Jung On Religion In Therapy

Posted: November 23, 2014 in Care, Consciousness, Ethics, Jung, Mental Health, Philosophy, Psychology, Society
Tags: , , ,

By Prints & Photographs Division Library of Congress (Commons File:Jung 1910-rotated.jpg) [Public domain], via Wikimedia Commons

By Prints & Photographs Division Library of Congress (Commons File:Jung 1910-rotated.jpg) [Public domain], via Wikimedia Commons

For some time now I’ve been fascinated by Carl Jung and groundbreaking work in the field of psychology and psychoanalysis.  Although for me, Jung was far more – he was a mystic and a very unconventional ‘holy man’ who gave us a profound insight into human nature and its interaction with the Divine.

I was interested therefore to read an excerpt from a letter he wrote to Jolande Jacobi on the 24th June 1935 (Carl Jung, Letters Volume 1, Page 191) and reproduced on the Carl Jung Depth Psychology website (http://carljungdepthpsychology.blogspot.co.uk/2014/11/carl-jung-when-i-treat-catholics-who.html).  In this letter Jung was outlining how he treated Catholics suffering from a ‘neurosis’; he wrote the following:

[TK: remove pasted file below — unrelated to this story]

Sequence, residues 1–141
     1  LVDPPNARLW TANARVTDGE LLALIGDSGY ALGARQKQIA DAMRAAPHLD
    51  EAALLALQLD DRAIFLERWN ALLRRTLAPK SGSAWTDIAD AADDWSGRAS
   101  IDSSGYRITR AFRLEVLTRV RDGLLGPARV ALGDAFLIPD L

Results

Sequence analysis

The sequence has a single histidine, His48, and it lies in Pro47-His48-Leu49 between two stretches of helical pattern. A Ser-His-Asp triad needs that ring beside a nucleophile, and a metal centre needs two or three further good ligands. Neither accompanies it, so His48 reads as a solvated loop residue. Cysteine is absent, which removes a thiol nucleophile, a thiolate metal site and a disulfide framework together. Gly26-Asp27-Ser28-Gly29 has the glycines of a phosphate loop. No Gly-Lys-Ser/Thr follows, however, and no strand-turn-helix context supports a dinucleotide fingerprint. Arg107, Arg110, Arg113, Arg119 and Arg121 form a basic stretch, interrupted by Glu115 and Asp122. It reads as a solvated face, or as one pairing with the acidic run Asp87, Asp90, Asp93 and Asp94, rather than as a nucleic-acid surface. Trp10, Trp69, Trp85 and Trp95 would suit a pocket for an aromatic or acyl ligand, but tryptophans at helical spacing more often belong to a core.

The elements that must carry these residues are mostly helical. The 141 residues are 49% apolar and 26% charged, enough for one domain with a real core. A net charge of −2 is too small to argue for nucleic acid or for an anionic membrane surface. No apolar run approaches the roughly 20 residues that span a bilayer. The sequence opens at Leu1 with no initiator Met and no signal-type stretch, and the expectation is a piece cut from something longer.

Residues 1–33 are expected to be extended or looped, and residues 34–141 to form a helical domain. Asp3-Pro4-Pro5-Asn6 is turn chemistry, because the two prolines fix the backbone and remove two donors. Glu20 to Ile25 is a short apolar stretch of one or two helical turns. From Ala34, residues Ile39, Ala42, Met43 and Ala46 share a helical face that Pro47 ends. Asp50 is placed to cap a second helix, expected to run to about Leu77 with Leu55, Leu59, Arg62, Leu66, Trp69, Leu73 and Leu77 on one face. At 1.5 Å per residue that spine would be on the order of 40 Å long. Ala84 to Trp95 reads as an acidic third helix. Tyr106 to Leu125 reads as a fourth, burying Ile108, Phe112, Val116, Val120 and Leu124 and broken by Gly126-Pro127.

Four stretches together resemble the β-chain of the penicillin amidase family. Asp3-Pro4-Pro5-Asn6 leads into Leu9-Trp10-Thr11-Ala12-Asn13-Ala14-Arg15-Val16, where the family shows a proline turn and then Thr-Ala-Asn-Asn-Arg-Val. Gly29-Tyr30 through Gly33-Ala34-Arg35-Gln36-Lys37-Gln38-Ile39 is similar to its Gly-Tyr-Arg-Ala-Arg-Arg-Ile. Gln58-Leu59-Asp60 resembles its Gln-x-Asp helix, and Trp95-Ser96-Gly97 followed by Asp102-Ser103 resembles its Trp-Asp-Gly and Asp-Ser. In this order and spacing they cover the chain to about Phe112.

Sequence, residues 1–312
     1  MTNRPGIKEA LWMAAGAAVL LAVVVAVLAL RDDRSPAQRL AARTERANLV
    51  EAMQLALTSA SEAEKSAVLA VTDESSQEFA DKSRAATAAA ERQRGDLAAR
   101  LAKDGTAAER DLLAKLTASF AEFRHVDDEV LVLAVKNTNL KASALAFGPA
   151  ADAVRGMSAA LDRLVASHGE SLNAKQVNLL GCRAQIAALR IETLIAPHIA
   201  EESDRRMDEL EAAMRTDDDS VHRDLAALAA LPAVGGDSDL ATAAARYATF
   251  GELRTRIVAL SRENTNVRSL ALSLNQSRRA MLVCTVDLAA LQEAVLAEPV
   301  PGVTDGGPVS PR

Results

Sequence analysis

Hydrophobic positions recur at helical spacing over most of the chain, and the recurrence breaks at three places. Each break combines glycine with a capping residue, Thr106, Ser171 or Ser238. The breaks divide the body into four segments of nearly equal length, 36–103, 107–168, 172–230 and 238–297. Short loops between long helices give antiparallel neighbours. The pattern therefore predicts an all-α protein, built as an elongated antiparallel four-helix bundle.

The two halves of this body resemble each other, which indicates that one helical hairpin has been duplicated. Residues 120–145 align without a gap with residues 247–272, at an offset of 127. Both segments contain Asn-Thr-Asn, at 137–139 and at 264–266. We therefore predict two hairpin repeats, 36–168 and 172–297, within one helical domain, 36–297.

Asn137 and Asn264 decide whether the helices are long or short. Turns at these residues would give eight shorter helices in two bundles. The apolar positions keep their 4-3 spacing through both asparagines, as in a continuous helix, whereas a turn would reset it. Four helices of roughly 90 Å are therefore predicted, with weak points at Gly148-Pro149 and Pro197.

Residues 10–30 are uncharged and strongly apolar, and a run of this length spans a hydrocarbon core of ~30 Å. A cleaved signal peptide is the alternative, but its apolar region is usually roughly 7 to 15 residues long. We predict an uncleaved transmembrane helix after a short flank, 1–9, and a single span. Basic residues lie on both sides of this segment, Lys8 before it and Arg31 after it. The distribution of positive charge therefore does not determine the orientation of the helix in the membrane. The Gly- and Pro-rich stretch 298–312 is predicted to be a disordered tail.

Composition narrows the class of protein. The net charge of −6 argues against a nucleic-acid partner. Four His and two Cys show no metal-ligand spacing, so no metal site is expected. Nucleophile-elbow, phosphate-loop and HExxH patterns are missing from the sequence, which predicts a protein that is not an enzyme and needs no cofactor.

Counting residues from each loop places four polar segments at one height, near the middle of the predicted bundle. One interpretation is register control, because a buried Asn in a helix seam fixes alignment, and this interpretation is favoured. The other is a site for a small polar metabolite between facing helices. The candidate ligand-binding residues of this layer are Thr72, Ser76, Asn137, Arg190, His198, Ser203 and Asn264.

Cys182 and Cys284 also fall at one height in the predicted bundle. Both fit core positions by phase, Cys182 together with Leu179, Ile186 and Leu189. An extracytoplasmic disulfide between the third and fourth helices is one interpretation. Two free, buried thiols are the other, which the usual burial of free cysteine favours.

… When I treat Catholics who arc suffering from neurosis I consider it my duty to lead them back to the bosom of the Church where they belong.

The ultimate decisions rest with the authority of the Church for anyone who is of the Catholic faith.

Psychology in this context therefore means only the removal of all those factors which hinder final submission to the authority of the Church.

Anyone who puts another “factor” above the authority of the Church is no longer a Catholic. .

In many aspects Jung is to be admired in the stance he took – he understood the primacy of faith and tradition in the life of a believer, as well as the role of religion in providing meaning (ultimate and proximate), as well as direction and focus in life.  Although he was himself raised in the Swiss Reformed Church (where his father was a Minister), Jung quickly outgrew the confines of narrow denominational Christianity.  Crucially, he did not allow his own beliefs, which rapidly become very eclectic and non-conventional in nature, to cloud his therapeutic worldview; that he had the humility and wisdom to accept that wholeness can only be achieved with reference to a persons spiritual ‘home’, is shown very powerfully in this letter to Jolande Jacobi. Jung was indeed ahead of his time in this respect.

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